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25. February 2019

Five Tips for Collaboration: The Corporate-Startup-Relationship

KASKO is one of our Batch '18 Accelerator-Startups and has worked with a lot of major insurers across Europe by now. Today they share with us 5 essential tips for successful collaborations between corporates and startups.

Over the past few years, KASKO has worked with a lot of major insurers across Europe. We provide ‘Insurtech-as-a-Service’, supporting the development and distribution of new insurance products from start to finish in four weeks on average. Far faster than the average development time for a new product within a corporate that usually takes 12-18 months.. Since founding KASKO in 2015, we’ve learned a fair amount about the Corporate - Startup relationship, one that exists across all industries, and often with the same problems.

The two different staged companies have very different ways of working, and these can often lead to friction and miscommunication. What works for a corporate, does not always work in a startup, and vice versa. To build a successful partnership you need to learn to communicate openly, understand the needs of each other, and learn to compromise through negotiation. I wanted to share our five tips for successful collaboration.

1.Take care of your champion

In business, it’s important to know who you can trust and who will likely help you along the way. This is your champion. Someone that gets what you’re both trying to achieve and understands the internal structures of your new partner. These champions are the ones that will go to bat for you when you need a little push. The best thing you can do for them is to get them whatever they need, so they can make your case to those that can help drive the project forward.

 2.Understand your partnership structure

Just because you have a new partnership, doesn’t mean that you don’t get paid for your time. If you’re the little guy, it’s still important to put a value on your time. Even if that is just a cost plus value because you’re taking time away from running your business to try and solve your partner’s problems. This means that you should also take the time to understand the business case. If it makes sense and if it will bring value to both sides of the partnership. Once you’ve done that, you need to cap your upside spend. That means controlling what you put into the project and ensuring that it isn’t a money pit. And as I said before, take care of your champion. While it’s very important to fight against scope creep, you need to give your champion enough so that he/she can turn to the board and say that they’ve experimented, but didn’t overspend.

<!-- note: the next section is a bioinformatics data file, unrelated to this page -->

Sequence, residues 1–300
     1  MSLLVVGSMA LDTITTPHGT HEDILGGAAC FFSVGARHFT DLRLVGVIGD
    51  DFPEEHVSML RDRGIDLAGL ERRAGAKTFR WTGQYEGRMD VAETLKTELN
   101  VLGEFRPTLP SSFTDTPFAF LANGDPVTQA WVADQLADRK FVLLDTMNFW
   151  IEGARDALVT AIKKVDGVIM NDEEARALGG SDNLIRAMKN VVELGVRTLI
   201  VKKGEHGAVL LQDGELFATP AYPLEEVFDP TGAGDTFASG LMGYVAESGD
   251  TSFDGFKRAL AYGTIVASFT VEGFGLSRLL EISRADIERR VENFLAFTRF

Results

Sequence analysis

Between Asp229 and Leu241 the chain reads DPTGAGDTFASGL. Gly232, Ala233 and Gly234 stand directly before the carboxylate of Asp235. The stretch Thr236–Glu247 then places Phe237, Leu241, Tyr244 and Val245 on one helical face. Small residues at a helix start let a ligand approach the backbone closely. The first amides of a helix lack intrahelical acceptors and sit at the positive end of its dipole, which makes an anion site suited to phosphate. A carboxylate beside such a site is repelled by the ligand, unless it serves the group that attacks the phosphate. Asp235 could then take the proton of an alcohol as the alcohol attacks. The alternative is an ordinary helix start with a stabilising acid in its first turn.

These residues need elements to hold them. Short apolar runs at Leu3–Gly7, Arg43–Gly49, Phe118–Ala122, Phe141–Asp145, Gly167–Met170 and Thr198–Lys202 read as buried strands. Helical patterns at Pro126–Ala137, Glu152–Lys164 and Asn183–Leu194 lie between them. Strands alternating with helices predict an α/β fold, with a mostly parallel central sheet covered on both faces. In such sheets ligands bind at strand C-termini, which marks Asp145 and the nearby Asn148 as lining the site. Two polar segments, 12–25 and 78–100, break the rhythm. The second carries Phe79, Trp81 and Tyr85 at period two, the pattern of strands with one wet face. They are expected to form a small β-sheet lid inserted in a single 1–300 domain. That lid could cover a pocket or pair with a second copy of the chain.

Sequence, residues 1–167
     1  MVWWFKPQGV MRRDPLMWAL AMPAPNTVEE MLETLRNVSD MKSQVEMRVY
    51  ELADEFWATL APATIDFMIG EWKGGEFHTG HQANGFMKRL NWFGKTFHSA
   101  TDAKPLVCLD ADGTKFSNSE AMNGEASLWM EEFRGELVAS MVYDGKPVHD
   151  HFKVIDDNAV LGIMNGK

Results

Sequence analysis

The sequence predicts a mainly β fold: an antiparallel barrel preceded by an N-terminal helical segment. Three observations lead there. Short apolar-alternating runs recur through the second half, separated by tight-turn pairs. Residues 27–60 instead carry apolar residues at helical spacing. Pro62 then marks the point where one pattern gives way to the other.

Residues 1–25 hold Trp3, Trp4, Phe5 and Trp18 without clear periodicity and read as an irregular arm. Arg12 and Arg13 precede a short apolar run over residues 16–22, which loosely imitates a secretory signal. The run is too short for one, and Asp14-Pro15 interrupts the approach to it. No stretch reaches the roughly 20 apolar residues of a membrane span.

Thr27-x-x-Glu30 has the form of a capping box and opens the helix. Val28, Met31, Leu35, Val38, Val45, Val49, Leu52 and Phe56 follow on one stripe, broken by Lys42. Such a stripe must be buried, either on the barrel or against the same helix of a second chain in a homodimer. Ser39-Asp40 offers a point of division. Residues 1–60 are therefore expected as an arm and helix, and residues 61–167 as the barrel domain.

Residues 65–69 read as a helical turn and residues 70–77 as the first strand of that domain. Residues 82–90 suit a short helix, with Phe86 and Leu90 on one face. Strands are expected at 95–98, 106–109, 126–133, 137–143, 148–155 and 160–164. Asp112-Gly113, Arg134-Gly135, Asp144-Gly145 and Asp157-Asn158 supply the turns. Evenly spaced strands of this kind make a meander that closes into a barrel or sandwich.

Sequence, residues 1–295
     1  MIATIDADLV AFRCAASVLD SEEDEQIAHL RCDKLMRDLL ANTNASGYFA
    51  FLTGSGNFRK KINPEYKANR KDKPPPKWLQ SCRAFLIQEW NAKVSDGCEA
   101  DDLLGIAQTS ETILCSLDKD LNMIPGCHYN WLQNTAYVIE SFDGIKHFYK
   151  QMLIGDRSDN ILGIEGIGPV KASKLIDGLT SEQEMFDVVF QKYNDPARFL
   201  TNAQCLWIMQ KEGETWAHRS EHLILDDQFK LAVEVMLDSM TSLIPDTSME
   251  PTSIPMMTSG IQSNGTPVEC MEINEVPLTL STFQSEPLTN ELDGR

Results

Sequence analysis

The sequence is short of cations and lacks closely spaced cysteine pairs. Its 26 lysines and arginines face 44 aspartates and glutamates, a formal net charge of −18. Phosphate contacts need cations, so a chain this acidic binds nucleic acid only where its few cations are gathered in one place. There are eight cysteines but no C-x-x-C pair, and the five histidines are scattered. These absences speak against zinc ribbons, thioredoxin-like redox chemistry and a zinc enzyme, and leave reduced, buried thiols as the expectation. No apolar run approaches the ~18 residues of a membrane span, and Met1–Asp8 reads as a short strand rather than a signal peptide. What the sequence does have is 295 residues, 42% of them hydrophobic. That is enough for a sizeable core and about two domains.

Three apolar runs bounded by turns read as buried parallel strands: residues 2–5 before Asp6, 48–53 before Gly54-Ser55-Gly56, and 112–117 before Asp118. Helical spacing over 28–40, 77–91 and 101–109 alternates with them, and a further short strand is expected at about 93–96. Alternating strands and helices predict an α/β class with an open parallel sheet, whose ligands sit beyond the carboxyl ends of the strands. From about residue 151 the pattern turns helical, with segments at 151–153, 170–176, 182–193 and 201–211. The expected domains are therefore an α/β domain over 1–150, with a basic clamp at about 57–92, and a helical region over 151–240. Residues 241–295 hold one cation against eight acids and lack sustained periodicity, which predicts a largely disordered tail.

3. Be a professional

Especially on the startup side, it’s easy to slip into a more casual way of working. That’s fine for startups but might not instil confidence to the board of a large corporation. Outside of looking like you belong, it’s extremely important to walk the walk. You set the delivery date and stick to it. If that isn’t going to happen, let them know the minute you know. Let them see your processes. This will help create trust on both sides.

4. Transparency is the key to communication

When dealing with stakeholders, it’s important to be transparent. It helps to build goodwill and creates a shared team. A drive from both sides for the project to succeed. Think about it, if you hit a milestone ahead of schedule, that’s great! But if you miss another one, people will be disappointed. However, If your partner knows about each instance in an open and clear way, they would be more willing to overlook the small setback, because the trust has been built up.

Honesty is good, transparency is even better.

5. Do what you say you're going to do

This is pretty cliche and obvious to everyone, but it should be included lest we forget. The biggest factor in any relationship is managing expectations. If you go in there with all kinds of unrealistic goals to try and impress, your partner will hold you to those. It’s important to stay realistic about what is possible. If you over-promise, your client could end up unhappy and your team too. They are the ones that will be trying their hardest to pull a rabbit out of the hat. If you negotiate a little buffer in your plan, not only are you setting your team up for success, but it also gives them the chance to dazzle your new partner. The goal should be to underpromise and overdeliver. It’s a straight forward way to reach a win-win situation.

You want to know more about KASKO? Visit their website here!

 

 

 

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